WEANING TWITTER CHAT
Last night dietitians from all four corners of the world, came together on twitter to chat about weaning. There were more than 500 tweets in 1 hour and lots of tips and experiences were shared so I thought I would capture a few for your benefit.
- A variety of tastes and textures is key to successful weaning and a lower risk of fussy eating later in life
- Mum is an important role model. Its important for mum to not influence her little one with her likes and dislikes
- Having family meals together may help your baby accept new flavours (a spoon for baby and a spoon for mum) and gets them ready for fmaily meals later
- Never give up, after many attempts they may eventually accept that new flavour
- Babyled weaning may encourage self feeding but may not be suitable for slow developers. Its ok to combine spoon feeding with self feeding.
- Spoon feeding has its place if done properly. Let your baby come to the spoon and not the other way round.
- Weaning is great time for the whole family to start some new eating habits
- Don’t feel you have to cook new recipes when weaning. Amend family favourites to make sure they are low in salt and sugar
- Cook in bulk and freeze for days when you are not cooking.
- Keep commercial weaning foods for when you need the convenience, they are not for everyday.
- If you are worried about the choking risk, do a first aid course so you know what to do if it ever happens.
- Expect lots of mess but have fun!
Catch up on the full twitter chat here: Weaning
A lot of people have asked me recently about skipping purees and going straight into baby led weaning. There are pros and cons to every weaning approach. You need to find the approach that works for you but here are some of my thoughts if you are looking for guidance.
Baby Led Weaning
The theory is that if you wait until 6 months your baby can skip purees and start feeding themselves with finger foods. The baby takes part in family meal times and the baby decides how much she/he will eat. Your baby is in the driving seat but finger foods have their limitations.
This approach starts with spoon feeding of purees which progresses through four stages of textures. Using a spoon can be helpful when trying to achieve variety as some foods are not good finger foods. It’s very much a parent led agenda and the risk is the parent does not respect the child’s refusal and spoon feeding becomes intrusive.
I believe there is a good middle ground and both spoon feeding and finger foods have their place in the weaning process. Just as long as you, the parent, fulfil your feeding role then there is no risk that spoon feeding becomes a negative experience.
- Attentive feeding is at the heart of this approach. Respect your role in the feeding realtionship (see earlier post) and watch for signs that your baby wants more or has had enough.
- There is nothing wrong with spoon feeding if it is done properly. When you first start with weaning your child will most likely be unable to feed themselves sufficiently. Spoon feeding will provide taste exposure and nutrition until they can adequately eat by themselves. I have known some babies to start waking up at night again because baby led weaning did not fill them up.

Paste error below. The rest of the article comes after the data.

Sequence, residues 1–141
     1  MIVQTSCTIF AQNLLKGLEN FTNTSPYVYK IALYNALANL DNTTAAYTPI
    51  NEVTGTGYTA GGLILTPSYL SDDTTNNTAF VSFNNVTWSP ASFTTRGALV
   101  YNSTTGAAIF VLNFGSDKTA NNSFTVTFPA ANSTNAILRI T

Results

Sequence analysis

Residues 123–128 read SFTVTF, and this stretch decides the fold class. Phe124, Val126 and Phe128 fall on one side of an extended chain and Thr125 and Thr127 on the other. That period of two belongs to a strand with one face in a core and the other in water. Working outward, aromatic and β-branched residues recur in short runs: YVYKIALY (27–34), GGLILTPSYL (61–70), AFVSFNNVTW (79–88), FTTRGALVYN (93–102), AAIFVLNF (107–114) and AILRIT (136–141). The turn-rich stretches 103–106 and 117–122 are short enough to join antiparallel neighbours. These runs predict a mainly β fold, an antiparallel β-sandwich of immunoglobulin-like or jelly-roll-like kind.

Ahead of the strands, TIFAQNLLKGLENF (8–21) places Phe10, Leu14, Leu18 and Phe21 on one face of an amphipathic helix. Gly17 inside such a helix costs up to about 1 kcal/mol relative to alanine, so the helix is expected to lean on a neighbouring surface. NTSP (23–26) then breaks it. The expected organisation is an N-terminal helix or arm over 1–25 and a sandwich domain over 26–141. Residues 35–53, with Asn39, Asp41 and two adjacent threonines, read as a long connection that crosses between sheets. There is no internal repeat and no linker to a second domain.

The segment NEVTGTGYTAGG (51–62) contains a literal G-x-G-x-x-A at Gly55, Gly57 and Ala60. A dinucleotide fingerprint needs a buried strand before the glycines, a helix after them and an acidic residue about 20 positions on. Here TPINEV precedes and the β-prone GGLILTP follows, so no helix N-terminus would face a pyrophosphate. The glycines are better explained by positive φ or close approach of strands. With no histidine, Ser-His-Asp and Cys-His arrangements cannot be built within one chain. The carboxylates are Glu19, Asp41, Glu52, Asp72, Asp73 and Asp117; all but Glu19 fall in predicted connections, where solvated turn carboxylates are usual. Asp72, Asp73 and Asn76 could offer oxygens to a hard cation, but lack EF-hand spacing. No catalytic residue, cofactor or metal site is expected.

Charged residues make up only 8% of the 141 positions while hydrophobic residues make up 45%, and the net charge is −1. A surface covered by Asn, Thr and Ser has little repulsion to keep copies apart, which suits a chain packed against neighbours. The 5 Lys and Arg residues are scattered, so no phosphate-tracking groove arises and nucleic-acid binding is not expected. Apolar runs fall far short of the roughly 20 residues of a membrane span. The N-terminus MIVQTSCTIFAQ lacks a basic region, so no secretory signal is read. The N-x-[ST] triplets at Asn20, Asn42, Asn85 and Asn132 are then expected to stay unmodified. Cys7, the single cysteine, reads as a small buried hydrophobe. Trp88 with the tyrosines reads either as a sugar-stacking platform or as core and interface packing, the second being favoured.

- Let them play with food even whilst you are spoon feeding e.g. give them a soft cooked carrot stick to chew on. That way they get to feel the texture and engage with the food.
- Be wary of iron deficiency.The foods that are good sources of iron (chicken, meat, fish, beans/lentils) are often hard to give a 6 month old as finger foods so spoon feeding is handy for these.
- The stages of weaning are not time specific. Your child may progress very quickly through purees and textured foods to soft finger foods. Let your child be your guide to the right texture for them at that stage.
- Encourage family meals. Try to involve your baby in your meal times (have them sit at the table with you) and try to eat something when they eat. And instead of cooking separate meals, try to tailor your meals to your little one (no sugar and salt).
TOP TIP: Let your child’s development determine how you progress with weaning and what type of foods you offer.
When you have a child you have to start thinking about the best way to feed your child. And getting it right from the start will stand you in good stead for the future. Understanding your role as a parent in the feeding process will make meal times easier, relaxed and more fun. I recently came across Ellyn Satter’s work and she explains the feeding roles of the parent and child really well. Here’s a quick summary for you.
THE PARENT is responsible for
- What your child eats. You choose the meals you cook and serve and can ensure your child has a balanced and varied diet.
- When your child eats. Setting routine meal times is important to make sure your little one does not go hungry and their energy levels remain topped up. Having meals together with the family is great because then your little one can watch you eat..
- Where you child eats. Meals are best at a table and together with the family.
THE CHILD is responsible for
- How much they eat. You have to trust your child and that they know when they have had enough. Research indicates that children have very good satiation and hunger cues. Let them listen to their internal cues and stop when they have had enough
- Whether they eat. Remember when your parents’ asked you to eat up? I am sure it didn’t make you want to eat. There will be some days your child does not feel like eating. Respect this wish and your child will respond positively when they want to eat.
These roles apply to solid food as well as any milk feeds you give your child.
TOP TIP: You can make meals a positive experience if you provide balanced meals at the right time and place but respect your child’s right to choose how much they eat.